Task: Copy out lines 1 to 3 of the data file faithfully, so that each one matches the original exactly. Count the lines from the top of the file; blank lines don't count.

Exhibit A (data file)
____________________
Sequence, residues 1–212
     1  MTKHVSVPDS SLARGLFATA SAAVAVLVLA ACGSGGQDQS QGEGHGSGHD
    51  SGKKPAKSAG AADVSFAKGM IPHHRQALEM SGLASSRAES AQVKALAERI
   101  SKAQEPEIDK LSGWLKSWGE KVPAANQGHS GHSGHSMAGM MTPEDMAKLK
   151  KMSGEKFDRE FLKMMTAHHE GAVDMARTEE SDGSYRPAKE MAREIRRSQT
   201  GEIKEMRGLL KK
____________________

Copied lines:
Sequence, residues 1–212
     1  MTKHVSVPDS SLARGLFATA SAAVAVLVLA ACGSGGQDQS QGEGHGSGHD
    51  SGKKPAKSAG AADVSFAKGM IPHHRQALEM SGLASSRAES AQVKALAERI